As shall be described in the specific embodiment below, these same principles can be used in applications such as rearview mirrors and visors.
Preferred photochromic systems may comprise a single homogeneous layer or several layers which together possess a photochromic property. Multiple layer systems may offer better performance in terms of speed and sensitivity, than single layer systems composed of homogeneous material. I shall use the word layer to mean either a layer consisting of homogeneous material or a layer comprising of a layered system of multiple materials each material having a specific function.
A preferred photochromic system shown in FIG. 2A uses optically active materials in conjunction with polarizers. This arrangement bears a certain resemblance to the Hughes Liquid Crystal Light Valve discussed in Fundamentals of Photonics by Saleh and Teich, Wiley Interscience, page 728, except that no mirror and optical isolator is used. An advantage of using a liquid crystal technique is that applied voltage can be used to turn on or off, or otherwise gradually control the photochromic functionality of the device.
This system comprises the following layers arranged in a stack:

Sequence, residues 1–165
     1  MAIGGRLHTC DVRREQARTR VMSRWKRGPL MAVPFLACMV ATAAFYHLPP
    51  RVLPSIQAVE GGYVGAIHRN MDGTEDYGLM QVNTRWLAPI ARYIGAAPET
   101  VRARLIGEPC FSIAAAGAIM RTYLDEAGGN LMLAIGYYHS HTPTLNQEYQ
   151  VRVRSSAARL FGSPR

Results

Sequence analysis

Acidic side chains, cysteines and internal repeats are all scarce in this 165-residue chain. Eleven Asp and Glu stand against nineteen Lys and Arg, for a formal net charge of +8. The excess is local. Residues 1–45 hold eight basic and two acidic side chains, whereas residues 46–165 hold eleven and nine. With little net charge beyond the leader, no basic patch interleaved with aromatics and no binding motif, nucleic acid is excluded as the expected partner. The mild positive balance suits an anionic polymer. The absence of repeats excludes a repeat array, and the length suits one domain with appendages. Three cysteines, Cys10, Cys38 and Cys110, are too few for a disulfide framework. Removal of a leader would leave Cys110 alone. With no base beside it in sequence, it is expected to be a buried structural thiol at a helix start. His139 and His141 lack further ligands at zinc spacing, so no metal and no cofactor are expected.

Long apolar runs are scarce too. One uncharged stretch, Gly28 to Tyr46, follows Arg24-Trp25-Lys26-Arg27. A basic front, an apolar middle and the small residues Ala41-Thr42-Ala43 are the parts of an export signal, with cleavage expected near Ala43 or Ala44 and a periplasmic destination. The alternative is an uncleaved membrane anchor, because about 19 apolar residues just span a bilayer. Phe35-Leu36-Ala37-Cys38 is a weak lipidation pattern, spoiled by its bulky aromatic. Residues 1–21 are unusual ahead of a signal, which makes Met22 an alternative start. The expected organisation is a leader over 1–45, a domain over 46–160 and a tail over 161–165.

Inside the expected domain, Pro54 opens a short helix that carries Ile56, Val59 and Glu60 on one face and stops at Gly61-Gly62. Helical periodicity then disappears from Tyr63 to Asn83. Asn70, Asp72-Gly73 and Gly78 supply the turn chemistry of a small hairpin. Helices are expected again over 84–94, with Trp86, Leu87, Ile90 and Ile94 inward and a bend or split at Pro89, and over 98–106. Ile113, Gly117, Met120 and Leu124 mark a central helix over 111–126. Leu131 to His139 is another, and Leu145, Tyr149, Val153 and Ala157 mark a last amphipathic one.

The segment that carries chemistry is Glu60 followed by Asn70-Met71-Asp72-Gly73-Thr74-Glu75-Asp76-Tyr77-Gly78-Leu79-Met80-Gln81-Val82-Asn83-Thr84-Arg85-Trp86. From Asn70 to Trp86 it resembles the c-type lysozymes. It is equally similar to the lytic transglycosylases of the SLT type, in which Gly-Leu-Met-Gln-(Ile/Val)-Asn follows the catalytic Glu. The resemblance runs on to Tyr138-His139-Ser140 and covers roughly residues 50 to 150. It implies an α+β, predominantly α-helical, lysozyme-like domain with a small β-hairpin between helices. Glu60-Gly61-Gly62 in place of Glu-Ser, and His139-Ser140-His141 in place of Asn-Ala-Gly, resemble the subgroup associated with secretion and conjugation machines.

1) A transparent electrode 210 made of material such as Indium Tin Oxide (ITO), supported by glass plate 213,
2) A photoconductive layer 212 made of material such as Selenium, Zinc Selenide, Selenium doped with Tellurium, Bismuth Silicon Oxide (Bi12 Si O20) or a transparent organic photoconductor,
3) An optically active layer 214 made of liquid crystal consisting of a "twisted" nematic layer with a twist of 90 degrees.
4) A second transparent electrode 216 of ITO supported by glass plate 215.
5) The surfaces of glass plates 215 are coated with antireflection coatings 217 to reduce reflections inside the device, or with other suitable protective coating which may, for example, absorb infrared or ultraviolet radiation.
It is known to experts in the field of liquid crystals that the surfaces in contact with the liquid crystal may have to be coated with chemicals such as polyimides, and rubbed if alignment of the liquid crystal molecules in contact with the surfaces is desired. It is also known that the if the liquid crystal is in contact with a material such as a photoconductor and if a chemical reaction can occur between the liquid crystal and the material, then a passivation layer such as silicon dioxide can be used to coat the material. Such a layer has the added benefit of preventing short circuits across the liquid crystal layer. These techniques are well known in the field of liquid crystals.
The above system is enclosed between two crossed polarizers 218 and 211. Therefore, rays which are not rotated in polarization by the liquid crystal, are substantially attenuated by the second polarizer on their path. The polarizers must be located on each side of the aforementioned layers, along the optical axis. They may be in contact with the layer assembly as shown in the figure, or, more generally, elsewhere on the optical axis of the instrument. The applied voltage must follow the drive requirements for liquid crystals to avoid electrolysis of the solution.